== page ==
Originally Posted By 7zero1:
Sir, by comparison I'm somewhat a novice with my XL650 but as you may remember I've had my 550 for a long time. I always enjoy your posts with pics of your arrangement. Let me be the first to say thank you, I appreciate the time it took for you to do it. 7zero1 out.


Thanks for posting a second time. I love the wall of brass pic.
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Posted: 3/2/2011 11:05:59 PM
Thanks!
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Posted: 3/3/2011 7:03:25 AM
Nice write up COSteve. I'm glad to see it's back!
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Posted: 3/3/2011 8:55:44 AM
Nice post. Great info Thanks
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Posted: 3/5/2011 1:46:02 AM
Nice post I am just starting to go back to the reloading bench after about a 3 yr absence.. It has been a bit of a learning curve but you guys have eased the stress. Nice reloading area..
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Posted: 3/5/2011 11:40:13 AM
Thanks for reposting this!
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helotaxi
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Posted: 3/5/2011 1:12:10 PM
I wish I was that organized. My immediate loading area is pretty well clean and clear of clutter but the surrounding area looks like the primer stash went off.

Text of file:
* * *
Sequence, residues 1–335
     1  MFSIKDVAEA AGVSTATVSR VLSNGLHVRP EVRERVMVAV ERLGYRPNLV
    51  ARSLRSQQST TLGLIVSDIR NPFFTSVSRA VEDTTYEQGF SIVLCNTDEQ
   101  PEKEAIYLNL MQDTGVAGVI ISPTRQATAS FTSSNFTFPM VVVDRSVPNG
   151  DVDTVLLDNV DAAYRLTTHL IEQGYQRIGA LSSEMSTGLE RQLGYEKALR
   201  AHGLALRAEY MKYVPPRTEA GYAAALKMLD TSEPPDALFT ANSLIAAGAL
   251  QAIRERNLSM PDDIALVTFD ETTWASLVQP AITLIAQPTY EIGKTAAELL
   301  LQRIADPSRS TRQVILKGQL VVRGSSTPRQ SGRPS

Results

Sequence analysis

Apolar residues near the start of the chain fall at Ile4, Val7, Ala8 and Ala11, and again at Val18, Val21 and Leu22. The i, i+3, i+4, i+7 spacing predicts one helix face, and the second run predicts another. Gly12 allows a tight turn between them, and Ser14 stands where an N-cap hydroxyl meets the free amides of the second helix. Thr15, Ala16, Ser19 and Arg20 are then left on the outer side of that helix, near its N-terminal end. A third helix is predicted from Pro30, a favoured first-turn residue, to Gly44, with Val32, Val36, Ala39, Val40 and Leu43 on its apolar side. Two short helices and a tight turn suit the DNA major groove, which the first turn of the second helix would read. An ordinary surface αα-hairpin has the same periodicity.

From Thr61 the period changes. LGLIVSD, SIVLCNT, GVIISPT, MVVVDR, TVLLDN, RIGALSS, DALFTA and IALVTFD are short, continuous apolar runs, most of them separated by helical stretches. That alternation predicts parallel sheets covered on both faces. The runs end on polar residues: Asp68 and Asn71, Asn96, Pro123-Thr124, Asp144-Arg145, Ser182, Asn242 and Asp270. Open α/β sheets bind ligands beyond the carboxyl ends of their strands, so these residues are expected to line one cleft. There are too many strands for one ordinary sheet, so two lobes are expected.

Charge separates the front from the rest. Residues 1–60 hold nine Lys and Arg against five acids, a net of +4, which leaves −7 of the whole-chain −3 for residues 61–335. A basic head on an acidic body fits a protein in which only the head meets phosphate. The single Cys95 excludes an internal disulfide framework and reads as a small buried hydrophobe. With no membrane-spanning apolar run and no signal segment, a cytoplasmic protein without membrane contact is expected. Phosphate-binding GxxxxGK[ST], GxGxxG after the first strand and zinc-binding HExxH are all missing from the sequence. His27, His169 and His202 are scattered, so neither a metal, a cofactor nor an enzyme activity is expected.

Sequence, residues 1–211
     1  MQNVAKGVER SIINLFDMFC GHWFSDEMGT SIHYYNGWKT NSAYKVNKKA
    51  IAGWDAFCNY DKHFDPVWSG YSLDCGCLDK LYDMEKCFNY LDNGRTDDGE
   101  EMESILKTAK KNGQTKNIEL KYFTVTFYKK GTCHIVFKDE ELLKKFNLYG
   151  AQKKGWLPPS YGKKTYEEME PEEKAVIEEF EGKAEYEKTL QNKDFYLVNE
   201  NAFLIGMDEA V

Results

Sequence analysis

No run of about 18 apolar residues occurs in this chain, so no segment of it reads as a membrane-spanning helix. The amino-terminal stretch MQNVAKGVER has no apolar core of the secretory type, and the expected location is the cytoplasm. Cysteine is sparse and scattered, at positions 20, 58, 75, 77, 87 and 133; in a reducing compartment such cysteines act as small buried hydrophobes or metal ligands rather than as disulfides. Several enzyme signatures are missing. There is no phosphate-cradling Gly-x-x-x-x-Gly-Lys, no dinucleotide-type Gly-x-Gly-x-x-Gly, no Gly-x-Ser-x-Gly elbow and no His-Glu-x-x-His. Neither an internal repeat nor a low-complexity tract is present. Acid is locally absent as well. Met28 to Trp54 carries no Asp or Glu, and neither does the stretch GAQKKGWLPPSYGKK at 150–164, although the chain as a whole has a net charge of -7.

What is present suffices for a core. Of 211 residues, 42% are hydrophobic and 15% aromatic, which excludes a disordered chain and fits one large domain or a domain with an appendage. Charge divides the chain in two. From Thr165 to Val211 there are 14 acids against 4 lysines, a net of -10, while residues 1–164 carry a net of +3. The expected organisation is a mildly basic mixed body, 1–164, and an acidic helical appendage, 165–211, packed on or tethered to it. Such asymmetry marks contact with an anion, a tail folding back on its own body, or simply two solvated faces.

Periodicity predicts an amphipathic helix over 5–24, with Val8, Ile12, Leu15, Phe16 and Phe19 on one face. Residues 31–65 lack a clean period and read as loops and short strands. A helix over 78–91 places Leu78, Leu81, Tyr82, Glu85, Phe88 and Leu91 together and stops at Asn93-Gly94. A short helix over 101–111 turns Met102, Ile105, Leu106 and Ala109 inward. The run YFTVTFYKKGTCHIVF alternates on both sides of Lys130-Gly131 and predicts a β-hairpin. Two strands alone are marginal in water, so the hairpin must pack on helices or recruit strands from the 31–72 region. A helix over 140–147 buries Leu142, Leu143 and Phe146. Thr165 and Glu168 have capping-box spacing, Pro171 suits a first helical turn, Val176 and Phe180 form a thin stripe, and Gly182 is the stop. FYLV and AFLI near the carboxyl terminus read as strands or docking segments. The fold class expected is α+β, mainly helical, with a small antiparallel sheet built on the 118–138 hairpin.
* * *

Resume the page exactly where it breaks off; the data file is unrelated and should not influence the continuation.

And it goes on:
Thanks for sharing your ideas.
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Posted: 9/20/2011 11:27:32 PM
Free BTT
Wingman26
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Posted: 9/21/2011 12:10:40 AM
I'd give you an A, but you don't have a Dillon calendar, so you'll have to settle for an A-.







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Posted: 9/21/2011 6:09:37 PM
Originally Posted By Wingman26:
I'd give you an A, but you don't have a Dillon calendar, so you'll have to settle for an A-.



Dillon Precision or Dillon Aero?
k1rod
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Posted: 9/21/2011 7:40:44 PM
COSteve, That is awesome. Thanks for taking the time to show us these things. I just wish I had your organizational skills!
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Posted: 9/21/2011 8:47:18 PM
Thanks for taking the time to post all this valuable info !!!!
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sergeant69
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Posted: 9/21/2011 9:58:37 PM
if only beer came in those pretzel/brass storage jugs! i use cardboard boxes to store brass. suks. great thread!
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Posted: 9/21/2011 10:31:52 PM
[Last Edit: 9/21/2011 10:32:44 PM by DVCER]
Some very good ideas there. Thanks for sharing them.
May I add one-The button handle, made for guys like me with big paws. Just empty the milk jug and carve away.

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Posted: 9/21/2011 11:41:34 PM
[Last Edit: 9/21/2011 11:48:17 PM by Wingman26]
I'd like to figure out an easy to use button retainer, once in a while I'll accidentally kick the locator button out on the bullet seating position. I'll bump it while putting the bullet in place, then I have to go looking for it, the floor tile has a pattern which is real good at camouflaging things that fall onto it.

This is the one I have:

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Posted: 1/3/2012 6:41:45 PM
tagscribe
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Posted: 1/3/2012 10:07:31 PM
Awesome thread thanks again Steve!!!!!!!!!!!